U.S. Companies Need Connections, Clear-Eyed Vision in Global Market

Senior Editor

Philadelphia

U.S.-based producers of academic content who are trying to sell in international markets need a lot of preparation and research before they make their move.

But they also need to be smart enough to recognize intractable roadblocks and red flags—and to know when the conditions in a foreign country just aren’t right for their product.

Those were some of the takeaways put forward by a panel of company officials and business representatives at the Association of American Publishers PreK-12 Learning Group’s Content in Context conference, being held here this week.

The speakers on the panel had experience trying to sell content and curriculum across a diverse set of countries, including China, India, and Australia, and across the Middle East and Southeast Asia.

One of the messages from the panelists was the importance, at least in many countries, particularly Middle Eastern ones, of finding local officials who can open doors for U.S.-based vendors and help make sense of the landscape.

In some of those countries, there are restrictions on the government doing business with a foreign company. That can mean that providers from the United States and other nations have to do business through holding companies, said Peter Schneider, the CEO of the ict Maven Group, which consults U.S.-based vendors on working internationally.

In those circumstances, you simply “cannot win a contract without a local partner,” Schneider said.

Just as important, local connections can help your company establish trust with government officials, particularly in countries like China, where so many decisions affecting commercial publishers are channeled through government entities, said José Borghino, of the International Publishers Association.

Local connections also help when it comes to translating materials from English into a country’s native language, the speakers said.

FasTracKids International, based in Colorado and founded in 1998, does business in 50 countries, with 22 different languages. Nancy Faunce, its president, said her company seeks to have native speakers of those countries do its translations of its early childhood curriculum materials.

“We’ve tried machine-translation to no success whatsoever,” said Faunce. She said arranging translation of curriculum can represent “the last big obstacle” for an education company working abroad.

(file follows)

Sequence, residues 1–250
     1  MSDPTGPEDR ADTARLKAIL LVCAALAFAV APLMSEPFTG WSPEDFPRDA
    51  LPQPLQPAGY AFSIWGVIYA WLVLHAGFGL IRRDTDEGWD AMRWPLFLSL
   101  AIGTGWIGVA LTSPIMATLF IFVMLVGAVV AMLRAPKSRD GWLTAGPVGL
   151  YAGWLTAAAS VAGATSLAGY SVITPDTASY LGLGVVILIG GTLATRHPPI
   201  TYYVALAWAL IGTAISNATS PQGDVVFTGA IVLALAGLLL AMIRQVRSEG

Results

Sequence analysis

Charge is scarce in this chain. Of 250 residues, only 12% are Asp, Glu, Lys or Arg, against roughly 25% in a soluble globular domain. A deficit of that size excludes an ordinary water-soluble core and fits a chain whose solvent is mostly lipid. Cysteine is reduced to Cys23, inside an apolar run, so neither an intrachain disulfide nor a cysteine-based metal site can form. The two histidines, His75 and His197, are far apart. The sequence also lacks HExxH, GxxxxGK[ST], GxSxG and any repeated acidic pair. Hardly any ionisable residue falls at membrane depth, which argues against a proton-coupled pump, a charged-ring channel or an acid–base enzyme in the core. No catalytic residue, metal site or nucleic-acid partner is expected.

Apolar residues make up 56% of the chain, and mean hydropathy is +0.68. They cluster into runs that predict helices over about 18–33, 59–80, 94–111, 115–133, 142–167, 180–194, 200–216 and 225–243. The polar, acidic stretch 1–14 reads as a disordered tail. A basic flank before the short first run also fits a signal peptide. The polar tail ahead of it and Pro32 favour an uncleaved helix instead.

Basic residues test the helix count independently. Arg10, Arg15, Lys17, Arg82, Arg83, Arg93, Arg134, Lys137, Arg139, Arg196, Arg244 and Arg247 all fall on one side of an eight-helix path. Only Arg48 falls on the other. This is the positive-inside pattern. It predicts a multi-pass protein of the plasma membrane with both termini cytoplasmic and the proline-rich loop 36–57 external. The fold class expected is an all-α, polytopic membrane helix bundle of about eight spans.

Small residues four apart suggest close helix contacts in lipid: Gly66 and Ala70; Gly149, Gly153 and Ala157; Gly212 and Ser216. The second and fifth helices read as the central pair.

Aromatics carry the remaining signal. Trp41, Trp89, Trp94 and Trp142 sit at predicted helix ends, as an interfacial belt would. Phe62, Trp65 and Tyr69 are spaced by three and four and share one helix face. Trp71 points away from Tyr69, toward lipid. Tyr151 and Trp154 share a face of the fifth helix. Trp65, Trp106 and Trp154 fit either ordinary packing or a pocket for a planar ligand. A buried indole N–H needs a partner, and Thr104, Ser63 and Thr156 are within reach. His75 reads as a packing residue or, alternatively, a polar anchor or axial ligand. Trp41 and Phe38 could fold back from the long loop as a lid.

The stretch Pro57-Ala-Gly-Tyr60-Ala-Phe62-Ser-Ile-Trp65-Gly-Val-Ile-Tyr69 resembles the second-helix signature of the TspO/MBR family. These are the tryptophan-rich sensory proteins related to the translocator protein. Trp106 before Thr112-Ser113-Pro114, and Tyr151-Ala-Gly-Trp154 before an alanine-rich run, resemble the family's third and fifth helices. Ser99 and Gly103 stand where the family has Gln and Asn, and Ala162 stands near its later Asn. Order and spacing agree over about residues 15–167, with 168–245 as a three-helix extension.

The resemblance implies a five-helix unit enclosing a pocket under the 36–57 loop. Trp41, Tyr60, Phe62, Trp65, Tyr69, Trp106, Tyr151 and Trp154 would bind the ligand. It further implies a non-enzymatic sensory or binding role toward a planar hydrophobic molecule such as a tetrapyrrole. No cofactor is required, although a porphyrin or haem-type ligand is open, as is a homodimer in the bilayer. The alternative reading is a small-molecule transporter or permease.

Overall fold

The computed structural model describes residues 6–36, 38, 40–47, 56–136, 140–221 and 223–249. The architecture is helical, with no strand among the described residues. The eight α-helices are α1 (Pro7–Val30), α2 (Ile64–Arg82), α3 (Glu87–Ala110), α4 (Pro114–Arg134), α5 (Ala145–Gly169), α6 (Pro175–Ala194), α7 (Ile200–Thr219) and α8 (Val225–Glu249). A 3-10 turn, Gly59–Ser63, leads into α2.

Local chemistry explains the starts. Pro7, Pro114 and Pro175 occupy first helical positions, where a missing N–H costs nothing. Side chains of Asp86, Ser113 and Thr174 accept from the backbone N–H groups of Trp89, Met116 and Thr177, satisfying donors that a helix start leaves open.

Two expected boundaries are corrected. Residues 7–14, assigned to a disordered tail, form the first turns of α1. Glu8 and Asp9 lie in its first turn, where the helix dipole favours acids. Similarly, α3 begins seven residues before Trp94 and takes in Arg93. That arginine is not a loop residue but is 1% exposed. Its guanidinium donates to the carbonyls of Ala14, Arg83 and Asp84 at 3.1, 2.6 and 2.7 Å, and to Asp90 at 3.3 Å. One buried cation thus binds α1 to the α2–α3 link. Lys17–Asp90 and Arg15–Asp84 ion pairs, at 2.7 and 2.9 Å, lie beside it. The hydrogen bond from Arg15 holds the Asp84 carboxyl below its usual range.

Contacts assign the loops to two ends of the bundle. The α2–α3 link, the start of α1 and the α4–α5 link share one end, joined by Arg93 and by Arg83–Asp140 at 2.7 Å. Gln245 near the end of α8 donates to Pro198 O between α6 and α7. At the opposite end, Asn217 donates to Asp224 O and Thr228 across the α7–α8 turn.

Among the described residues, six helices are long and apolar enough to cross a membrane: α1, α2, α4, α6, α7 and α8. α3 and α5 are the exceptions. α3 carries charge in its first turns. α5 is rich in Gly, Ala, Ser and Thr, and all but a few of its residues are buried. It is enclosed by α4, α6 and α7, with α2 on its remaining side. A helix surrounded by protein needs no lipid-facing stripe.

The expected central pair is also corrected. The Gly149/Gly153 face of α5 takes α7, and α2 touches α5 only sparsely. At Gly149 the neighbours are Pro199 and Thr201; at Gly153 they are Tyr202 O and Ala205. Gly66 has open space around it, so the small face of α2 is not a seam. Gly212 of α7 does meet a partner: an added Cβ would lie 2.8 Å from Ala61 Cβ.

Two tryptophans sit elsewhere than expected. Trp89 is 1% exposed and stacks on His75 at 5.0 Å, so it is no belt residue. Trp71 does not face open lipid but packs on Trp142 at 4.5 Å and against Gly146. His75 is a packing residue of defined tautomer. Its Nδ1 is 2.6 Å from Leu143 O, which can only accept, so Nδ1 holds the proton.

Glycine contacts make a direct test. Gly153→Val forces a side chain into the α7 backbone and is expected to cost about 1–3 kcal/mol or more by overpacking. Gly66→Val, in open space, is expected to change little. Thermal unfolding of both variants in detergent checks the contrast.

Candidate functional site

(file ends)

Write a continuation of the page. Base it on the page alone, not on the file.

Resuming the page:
Microsoft, which has a huge global presence, puts an emphasis on having native speakers of languages help develop their products, said David Langridge, a senior partner development director for the company. That strategy applies not just to languages found across many nations, but also to distinctly regional ones—such as Welsh, he noted.

But companies should also enter into foreign markets knowing the risks. Many foreign countries don’t offer the same legal protections against a competitor using a product without permission. A company that takes an unscrupulous rival to court in those countries is at the mercy of legal system with rules that may seem capricious, Faunce said.

For a long time, “everything is going great,” she said, “but if something goes wrong….” the court system may be of no help.

Companies also need to know that even if they’ve done their homework on a foreign country’s education system, and they’re convinced their product and price is a good fit, “the market won’t always accept what you have,” Schneider said. A company has to be willing to “fail forward, fast,” he said, citing the business motto, and look to nations that are a better fit.

Nor should U.S.-based businesses approach foreign markets with an overly rigid set of goals, Schneider said.

Taking the approach that “we’re only going to do business in India, or we’re only going to do business in the U.K.,” is a mistake, he said. “because that probably won’t happen.”

Microsoft’s Langridge agreed, giving the example of the company that sells learning management systems, and is determined to find a lot of buyers in the United Kingdom, where he is from.

“It’s a heavily saturated market,” he said. “I would say, why even try?”

In those circumstances, “your local guy is always going to have an advantage, because he’s local,” he said.

Companies can help themselves pick the right foreign market by following simple clues, Schneider observed. Education providers that are working online, for instance, have the opportunity to gather valuable information on prime foreign markets, just by gauging which countries are the biggest users of their products, he said.

“Go where the wind blows you,” he said.


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